ADDRESS OF POPE JOHN PAUL II
Saturday, 4 May 1985
It is a pleasure for me to welcome you today to the Vatican. I thank you for the courtesy of your visit and I would ask you to convey my respectful greetings to the President of the United States.
I wish to express my appreciation of the reasons which bring you to Rome at this time, namely, your participation in the fight against drug abuse and in the rehabilitation of those whose lives have been affected by this social evil.
The Catholic Church has great concern for the harmful effects of so pervasive and alarming a social problem as drug dependency. The dignity of the human person is seriously offended by the enslavement which results from this dependency. Obviously, the consequences for the family and for society in general are tragic and debilitating. One must indeed ask to what extent this phenomenon is symptomatic of a profound crisis of the social and moral order. Does it not perhaps reflect an inadequacy on the part of modern society to satisfy the spiritual longings of people today?
All efforts in the campaign against drug abuse take on special relevance during this year which has been declared by the United Nations Organization as International Youth Year. One of the great challenges to modern society is to find viable solutions to this problem which affects so many of our young people. Certainly the leaders of society must strive to create the social conditions in which young people are discouraged from seeking refuge in the fantasy world of self-indulgence and drugs, and are inspired and helped to fulfill responsible roles in society.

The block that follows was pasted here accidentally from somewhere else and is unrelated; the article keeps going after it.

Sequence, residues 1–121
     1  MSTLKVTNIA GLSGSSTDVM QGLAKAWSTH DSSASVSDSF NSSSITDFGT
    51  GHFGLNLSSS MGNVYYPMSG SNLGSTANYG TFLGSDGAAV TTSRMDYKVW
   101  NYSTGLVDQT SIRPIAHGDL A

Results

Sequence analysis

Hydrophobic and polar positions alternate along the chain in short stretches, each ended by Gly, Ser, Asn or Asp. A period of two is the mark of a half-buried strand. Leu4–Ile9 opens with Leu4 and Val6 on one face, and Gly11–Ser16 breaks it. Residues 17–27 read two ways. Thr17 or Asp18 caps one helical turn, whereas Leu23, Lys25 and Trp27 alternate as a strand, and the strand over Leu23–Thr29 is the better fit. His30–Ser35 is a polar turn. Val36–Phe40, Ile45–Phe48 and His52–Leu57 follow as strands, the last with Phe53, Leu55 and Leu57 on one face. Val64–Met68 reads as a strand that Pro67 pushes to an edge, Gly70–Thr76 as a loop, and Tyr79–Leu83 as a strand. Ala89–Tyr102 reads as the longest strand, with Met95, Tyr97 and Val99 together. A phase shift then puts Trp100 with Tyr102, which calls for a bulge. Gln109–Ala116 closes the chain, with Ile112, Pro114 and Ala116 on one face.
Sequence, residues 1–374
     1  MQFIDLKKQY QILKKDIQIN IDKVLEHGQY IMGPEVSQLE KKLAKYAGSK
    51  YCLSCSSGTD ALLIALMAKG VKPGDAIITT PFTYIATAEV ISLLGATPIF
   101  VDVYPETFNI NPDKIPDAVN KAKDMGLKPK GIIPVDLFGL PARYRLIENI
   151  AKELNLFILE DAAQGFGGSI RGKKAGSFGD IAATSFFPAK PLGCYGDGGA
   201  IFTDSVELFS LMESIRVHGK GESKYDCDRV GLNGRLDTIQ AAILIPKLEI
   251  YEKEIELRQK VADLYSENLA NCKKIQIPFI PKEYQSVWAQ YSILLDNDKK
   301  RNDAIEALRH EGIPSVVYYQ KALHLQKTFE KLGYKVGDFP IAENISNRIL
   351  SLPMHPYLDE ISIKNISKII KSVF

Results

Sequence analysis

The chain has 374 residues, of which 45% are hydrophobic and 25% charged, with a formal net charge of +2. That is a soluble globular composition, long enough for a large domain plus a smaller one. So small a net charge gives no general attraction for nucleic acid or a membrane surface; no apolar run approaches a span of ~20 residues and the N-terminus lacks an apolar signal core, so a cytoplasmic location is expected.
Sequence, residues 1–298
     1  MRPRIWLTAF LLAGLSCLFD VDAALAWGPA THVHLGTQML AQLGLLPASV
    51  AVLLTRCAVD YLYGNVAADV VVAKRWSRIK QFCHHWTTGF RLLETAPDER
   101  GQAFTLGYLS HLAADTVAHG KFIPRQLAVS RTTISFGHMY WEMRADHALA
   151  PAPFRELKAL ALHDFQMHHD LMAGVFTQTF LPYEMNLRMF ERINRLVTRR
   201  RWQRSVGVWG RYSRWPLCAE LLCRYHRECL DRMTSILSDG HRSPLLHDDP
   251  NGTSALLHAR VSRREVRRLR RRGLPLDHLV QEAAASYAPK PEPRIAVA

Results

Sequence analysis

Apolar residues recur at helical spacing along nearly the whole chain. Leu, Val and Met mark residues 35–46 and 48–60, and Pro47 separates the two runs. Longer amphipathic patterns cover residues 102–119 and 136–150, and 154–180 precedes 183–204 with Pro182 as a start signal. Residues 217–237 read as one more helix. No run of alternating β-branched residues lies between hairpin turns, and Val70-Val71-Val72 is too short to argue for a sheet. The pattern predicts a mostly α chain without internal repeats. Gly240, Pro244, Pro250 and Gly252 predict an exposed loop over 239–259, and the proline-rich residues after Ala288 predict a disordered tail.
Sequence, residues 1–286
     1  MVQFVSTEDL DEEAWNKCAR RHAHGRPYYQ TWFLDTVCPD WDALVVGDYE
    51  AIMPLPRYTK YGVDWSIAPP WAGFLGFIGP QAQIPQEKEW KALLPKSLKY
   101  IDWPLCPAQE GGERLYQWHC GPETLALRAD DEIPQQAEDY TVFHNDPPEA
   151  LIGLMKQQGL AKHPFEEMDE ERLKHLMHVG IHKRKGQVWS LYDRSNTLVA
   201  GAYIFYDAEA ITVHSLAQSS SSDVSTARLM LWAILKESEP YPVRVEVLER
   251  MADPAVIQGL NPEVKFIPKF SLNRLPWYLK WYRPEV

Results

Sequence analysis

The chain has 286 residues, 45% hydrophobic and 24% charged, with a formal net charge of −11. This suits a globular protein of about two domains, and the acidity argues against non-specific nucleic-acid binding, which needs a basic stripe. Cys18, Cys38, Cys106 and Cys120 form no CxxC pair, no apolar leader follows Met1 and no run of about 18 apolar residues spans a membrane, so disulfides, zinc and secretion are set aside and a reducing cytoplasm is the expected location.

In particular, I wish to offer encouragement to all who promote international cooperation with a view to arresting, and eventually eliminating, this grave social evil. Internal legislation and law enforcement to curb drug trafficking are ultimately effective only insofar as they receive the support of other nations which are committed to higher human values and to the common good of their respective citizens and of their neighbours. At the same time, international collaboration is needed in programs of therapy and rehabilitation. Treatment must be adapted to the different situations in which this social phenomenon develops and spreads. The exchange of ideas and methods on the international level is most useful and commendable.
In greeting you today I wish to renew my gratitude for the generous work being done for people with drug dependency in your own country and throughout the world, and I appeal to all men and women of good will to join forces in order to meet with skill and compassion the needs of fellow human beings, especially the young.
May the Lord who is rich in mercy bless the many efforts being made, and crown them with success.
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